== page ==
If you took the weight of the Gospel and placed it on one side of a balance scale and your life on the other side, would your life equal the weight of the Gospel?
I realize that it is difficult to measure the weight of the Gospel because it is immaterial. However, this is a concept that is not too unfamiliar to us. If you receive a diagnosis of cancer, I suspect you would say something to this effect, “This is heavy upon me.” You might say, “I am not sure I can carry this burden.” The idea of the immaterial being heavy is a familiar concept.
How heavy is the Gospel?
Jesus praying in the garden prior to the events of the last days of His earthly life gives us an indication of the heaviness of the Gospel. As He was praying, His sweat became as great drops of blood. Why? Because the weight of the Gospel was upon Him. I suggest that the weight of the Gospel is a direct result of the weight of the holiness of God.
It was in Jesus’ humanity that He prayed, “My Father, if it be possible, let this cup pass from me (Matthew 26:39).” The weight of laying down His life to satisfy the holiness of God was heavy upon Him.
The Apostle Paul understood the weight of the Gospel. He expresses this in his admission as “a prisoner for the Lord (Ephesians 4:1).” Paul is an example of the call that he is issuing to the Ephesians, “to walk in a manner worthy of the calling to which you have been called (Ephesians 4:1).”
Are you a prisoner?
You are a prisoner to someone or something. You may be a prisoner to an addiction. You may be a prisoner to financial debt. You may be a prisoner to lust. There is no doubt that you are a prisoner in some way. But, are you a prisoner for the Lord? It is the realization of the holiness of God and the weight of the Gospel that leads you to become a prisoner of the Lord. Does everything about your life testify to the Gospel? Do people around you see Jesus in you? Do they recognize that there is something different about you that sets you apart from them?
How do you walk worthy of the calling of the Gospel in your life?
Paul lists five characteristics of the worthy walk. It is important as you consider this list that Paul is concerned with who you are more than what you do. Who you are determines your behavior. Therefore, these characteristics should lead you to become a person of holiness.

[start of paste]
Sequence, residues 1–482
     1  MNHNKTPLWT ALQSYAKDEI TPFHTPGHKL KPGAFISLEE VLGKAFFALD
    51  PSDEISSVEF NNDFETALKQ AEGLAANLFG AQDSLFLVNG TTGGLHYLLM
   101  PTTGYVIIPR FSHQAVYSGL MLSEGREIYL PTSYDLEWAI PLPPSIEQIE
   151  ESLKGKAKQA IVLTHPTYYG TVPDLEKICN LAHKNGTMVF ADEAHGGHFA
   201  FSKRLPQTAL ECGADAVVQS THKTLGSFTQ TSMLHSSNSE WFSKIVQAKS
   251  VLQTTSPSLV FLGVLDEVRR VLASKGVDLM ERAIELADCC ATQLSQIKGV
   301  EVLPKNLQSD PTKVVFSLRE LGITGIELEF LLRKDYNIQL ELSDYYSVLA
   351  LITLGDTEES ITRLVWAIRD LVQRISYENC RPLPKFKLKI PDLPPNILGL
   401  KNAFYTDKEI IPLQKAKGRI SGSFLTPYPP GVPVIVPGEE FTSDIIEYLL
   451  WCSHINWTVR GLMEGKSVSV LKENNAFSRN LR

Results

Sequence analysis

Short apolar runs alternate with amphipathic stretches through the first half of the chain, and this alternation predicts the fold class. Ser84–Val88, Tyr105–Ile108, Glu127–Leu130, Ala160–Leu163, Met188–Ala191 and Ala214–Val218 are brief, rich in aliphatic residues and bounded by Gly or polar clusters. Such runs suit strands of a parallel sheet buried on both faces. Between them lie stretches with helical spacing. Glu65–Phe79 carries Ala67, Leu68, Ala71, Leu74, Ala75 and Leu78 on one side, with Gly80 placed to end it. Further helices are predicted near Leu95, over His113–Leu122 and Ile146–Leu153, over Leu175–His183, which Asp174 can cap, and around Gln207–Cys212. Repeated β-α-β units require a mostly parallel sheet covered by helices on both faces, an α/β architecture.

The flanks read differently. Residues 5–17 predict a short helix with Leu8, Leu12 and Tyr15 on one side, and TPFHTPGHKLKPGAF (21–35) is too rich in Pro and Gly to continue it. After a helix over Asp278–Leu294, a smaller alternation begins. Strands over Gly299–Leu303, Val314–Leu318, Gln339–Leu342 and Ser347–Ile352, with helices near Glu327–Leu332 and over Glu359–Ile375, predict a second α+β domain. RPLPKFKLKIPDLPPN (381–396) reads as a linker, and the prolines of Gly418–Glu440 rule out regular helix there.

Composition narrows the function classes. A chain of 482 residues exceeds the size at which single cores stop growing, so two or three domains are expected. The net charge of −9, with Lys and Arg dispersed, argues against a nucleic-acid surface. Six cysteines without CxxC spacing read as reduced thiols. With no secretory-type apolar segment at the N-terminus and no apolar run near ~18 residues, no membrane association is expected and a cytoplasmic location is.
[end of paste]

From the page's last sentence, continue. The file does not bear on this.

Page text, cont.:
- Humility is the absence of pride. All sin is rooted in pride and manifested in rebellion. Jesus was humble (Philippians 2:8) in giving Himself to the will of God the Father.
- Gentleness is power under control. This is synonymous with meekness. Gentleness (or meekness) is not weakness. This is best seen in a horse that has been broken. When a horse is in the wild, his power can be very destructive if it is out of control. But, if that power is brought under control, it can be profitable. We are not to live with our power out of control. We are to live with it under control.
- Patience is the ability to hold one’s temper for a long time. I am not going to quantify how long your temper should be held. Except to say, that it should be held long enough to walk away from the situation so that you do not do harm.
- We are to bear with one another in love. This is the idea of forbearance. It means to hold up against. If we are going to hold up against others, it will be because we love them. A parent forbears with their rebellious child because they love him. An employer forbears with an under productive employee because she loves her. We are to forbear with one another because we love each other.
- Finally, the worthy walk is one in which we eagerly maintain unity. Unity is not uniformity. Unity is not making others conform to us. Unity, in its basic form, is to agree. Note that we are not to create unity. Unity is already present in Christ. But, we must work to maintain it.
These characteristics are focused on who you are more so than what you do. This is seen in their progression. You will not be gentle if you are not first humble. You will not be patient if you are if you are not first humble and gentle. The progression takes you all the way to unity. There is no unity where there is no humility, gentleness, patience, and forbearance.
So, back to the original question, does your life equal the weight of the Gospel? It can only equal the weight of the Gospel if these characteristics are present in your life.
Sermon: The Worthy Walk
Blog Post: Worth the Weight